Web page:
Here's Bill's new rifle. It came with the bayonet, although I didn't wrap it while attached to the rifle. Even my gun-nuttery has some bounds. The rifle's action and bolt are in extremely good condition--the best I've ever seen and I've seen a lot of them. The wood is in quite good condition as well.
As I mentioned previously, I had no idea what Bill planned to get me. There were no hints, questions, or cajoling. He had, however, seen me go "ga-ga" (the technical term for gun lust) over a small pistol. Friday night, he went to the gun store without me and bought it. I was floored when I opened the package. Am I a lucky woman or what? Now I feel my gift was too paltry. I may have to figure out ways to make up for that.
The pistol Bill gave me is in the following picture. It's a Colt 1911 Government Model Series 80 .380 pistol. It's a scaled down 1911 suitable for concealed carry. Its bore is pristine as is its finish. I've wanted one of these or a Colt Mustang and just never saw one when I had enough cash. Bill knew that and bought it for me. He amazes me sometimes. I put the cards in the picture, a regular size deck, in the picture for scale. As I told Bill, it's a baby Colt just hoping to grow up into a .45 1911.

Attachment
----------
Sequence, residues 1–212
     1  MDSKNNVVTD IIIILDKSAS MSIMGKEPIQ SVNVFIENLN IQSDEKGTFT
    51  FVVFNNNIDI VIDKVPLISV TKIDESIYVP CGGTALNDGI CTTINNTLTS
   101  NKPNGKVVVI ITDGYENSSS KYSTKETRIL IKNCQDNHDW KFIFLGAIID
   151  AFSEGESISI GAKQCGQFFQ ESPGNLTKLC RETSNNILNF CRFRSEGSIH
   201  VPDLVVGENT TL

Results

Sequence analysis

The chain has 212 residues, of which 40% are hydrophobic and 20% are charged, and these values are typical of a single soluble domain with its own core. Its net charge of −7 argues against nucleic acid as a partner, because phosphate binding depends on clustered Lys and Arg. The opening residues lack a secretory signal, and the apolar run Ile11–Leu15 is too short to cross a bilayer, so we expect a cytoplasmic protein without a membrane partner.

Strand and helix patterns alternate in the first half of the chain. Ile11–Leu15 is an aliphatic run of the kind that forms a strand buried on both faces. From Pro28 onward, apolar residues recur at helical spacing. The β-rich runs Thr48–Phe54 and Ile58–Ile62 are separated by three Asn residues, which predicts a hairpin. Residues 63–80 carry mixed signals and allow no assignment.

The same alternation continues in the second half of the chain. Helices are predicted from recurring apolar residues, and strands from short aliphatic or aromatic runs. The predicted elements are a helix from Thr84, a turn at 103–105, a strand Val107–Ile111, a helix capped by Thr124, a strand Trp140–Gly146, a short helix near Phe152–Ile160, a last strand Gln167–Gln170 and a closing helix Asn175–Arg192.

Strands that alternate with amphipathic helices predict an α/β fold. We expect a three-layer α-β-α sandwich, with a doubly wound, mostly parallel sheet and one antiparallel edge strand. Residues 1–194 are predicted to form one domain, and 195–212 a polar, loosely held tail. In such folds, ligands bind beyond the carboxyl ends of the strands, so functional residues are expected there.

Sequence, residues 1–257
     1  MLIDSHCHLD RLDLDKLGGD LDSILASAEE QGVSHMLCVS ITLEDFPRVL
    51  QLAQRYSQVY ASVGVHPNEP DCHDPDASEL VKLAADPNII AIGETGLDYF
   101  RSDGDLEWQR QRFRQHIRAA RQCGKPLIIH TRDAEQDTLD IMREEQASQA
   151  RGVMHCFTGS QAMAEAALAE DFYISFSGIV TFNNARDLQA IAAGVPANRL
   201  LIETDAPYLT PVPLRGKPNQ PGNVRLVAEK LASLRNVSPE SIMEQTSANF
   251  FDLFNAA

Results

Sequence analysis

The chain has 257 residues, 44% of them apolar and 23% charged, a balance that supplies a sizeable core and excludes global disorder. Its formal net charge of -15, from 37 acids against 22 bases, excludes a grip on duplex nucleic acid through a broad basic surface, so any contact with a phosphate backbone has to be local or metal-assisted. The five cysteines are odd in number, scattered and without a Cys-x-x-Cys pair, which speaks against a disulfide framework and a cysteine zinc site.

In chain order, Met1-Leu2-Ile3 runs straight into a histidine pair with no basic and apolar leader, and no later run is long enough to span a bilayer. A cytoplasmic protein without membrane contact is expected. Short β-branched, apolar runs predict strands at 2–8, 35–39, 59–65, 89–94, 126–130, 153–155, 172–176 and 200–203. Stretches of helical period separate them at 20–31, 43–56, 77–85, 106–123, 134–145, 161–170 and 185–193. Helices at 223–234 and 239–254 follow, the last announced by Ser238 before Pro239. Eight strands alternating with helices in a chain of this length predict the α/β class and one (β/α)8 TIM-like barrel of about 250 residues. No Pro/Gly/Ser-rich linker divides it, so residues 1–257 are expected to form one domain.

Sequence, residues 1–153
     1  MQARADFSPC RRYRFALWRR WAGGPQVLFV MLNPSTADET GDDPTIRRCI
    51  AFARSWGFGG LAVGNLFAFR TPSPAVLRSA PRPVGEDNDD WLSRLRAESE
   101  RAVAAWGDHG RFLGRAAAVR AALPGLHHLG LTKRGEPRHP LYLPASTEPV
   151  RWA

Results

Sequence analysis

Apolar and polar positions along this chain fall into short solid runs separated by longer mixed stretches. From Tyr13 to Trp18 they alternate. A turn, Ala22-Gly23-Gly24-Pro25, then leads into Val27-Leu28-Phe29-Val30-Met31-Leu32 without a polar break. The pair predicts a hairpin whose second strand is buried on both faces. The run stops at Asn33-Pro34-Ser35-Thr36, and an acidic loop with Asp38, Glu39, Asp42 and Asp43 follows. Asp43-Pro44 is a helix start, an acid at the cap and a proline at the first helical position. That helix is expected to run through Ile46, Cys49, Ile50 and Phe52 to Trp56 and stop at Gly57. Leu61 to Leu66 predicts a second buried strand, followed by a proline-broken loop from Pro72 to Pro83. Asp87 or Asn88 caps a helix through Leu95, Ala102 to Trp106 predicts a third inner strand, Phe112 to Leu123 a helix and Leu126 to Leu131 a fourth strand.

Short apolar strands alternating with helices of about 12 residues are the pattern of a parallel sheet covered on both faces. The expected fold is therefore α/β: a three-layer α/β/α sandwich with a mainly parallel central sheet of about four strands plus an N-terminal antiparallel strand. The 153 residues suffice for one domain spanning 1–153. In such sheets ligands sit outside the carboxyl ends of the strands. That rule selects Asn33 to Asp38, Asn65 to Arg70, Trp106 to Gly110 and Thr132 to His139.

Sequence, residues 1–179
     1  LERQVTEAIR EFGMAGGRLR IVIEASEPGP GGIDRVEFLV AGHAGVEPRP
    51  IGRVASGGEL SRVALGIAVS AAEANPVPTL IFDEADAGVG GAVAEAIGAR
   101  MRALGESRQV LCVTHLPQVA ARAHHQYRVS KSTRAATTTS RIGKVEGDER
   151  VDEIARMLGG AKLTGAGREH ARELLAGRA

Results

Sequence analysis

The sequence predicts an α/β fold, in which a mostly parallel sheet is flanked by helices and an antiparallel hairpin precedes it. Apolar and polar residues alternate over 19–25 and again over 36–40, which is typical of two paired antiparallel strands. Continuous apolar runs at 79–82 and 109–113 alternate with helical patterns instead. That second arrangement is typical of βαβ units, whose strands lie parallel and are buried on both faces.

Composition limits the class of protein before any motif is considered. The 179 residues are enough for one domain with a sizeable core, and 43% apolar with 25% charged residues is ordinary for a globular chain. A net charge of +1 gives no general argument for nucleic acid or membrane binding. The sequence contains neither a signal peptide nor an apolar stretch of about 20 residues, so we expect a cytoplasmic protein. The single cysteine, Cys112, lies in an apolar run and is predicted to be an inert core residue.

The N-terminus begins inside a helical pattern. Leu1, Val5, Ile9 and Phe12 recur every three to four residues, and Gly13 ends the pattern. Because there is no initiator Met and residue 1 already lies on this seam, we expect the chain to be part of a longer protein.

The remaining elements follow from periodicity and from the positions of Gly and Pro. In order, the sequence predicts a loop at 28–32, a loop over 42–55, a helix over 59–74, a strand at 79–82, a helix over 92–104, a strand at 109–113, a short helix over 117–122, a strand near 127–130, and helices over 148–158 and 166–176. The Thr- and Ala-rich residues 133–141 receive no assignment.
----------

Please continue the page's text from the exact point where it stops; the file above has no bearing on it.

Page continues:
We had Christmas dinner--a ham and trimmings, called loved ones, and had a quiet day. That was our Christmas and we hope your Christmas was every bit as nice.
Saturday, December 24, 2005
I don't know what Bill is getting me. He's keeping it quiet this year. I don't know if it'll have anything to do with guns, but I'll try to smile anyway when he gives it to me. (Seriously, I do own and enjoy things other than guns and I'll love whatever he's found--except a lump of coal.)
When I saw Bill's new SMLE I found something I'm going to buy for myself as a Christmas/New Year's maybe even birthday present. I saw a small-ring Broomhandle Mauser complete with its wood stock that doubles as a holster. I already have a Broomhandle Bolo, but this was too nice a gun and too nice a deal to pass up. I probably would've passed on a Broomhandle without a stock, but I need a stock in my collection and why pass on the gun that goes with it. I'll get it off layaway in a few weeks and a "One From the Vault" will be forthcoming.
So, that's our Christmas plans. Bill and I wish you the best Christmas or Hanukkah ever. We leave you with this image from A Christmas Story and for you gunnies, may your gun-related Christmas dreams come true.
Friday, December 23, 2005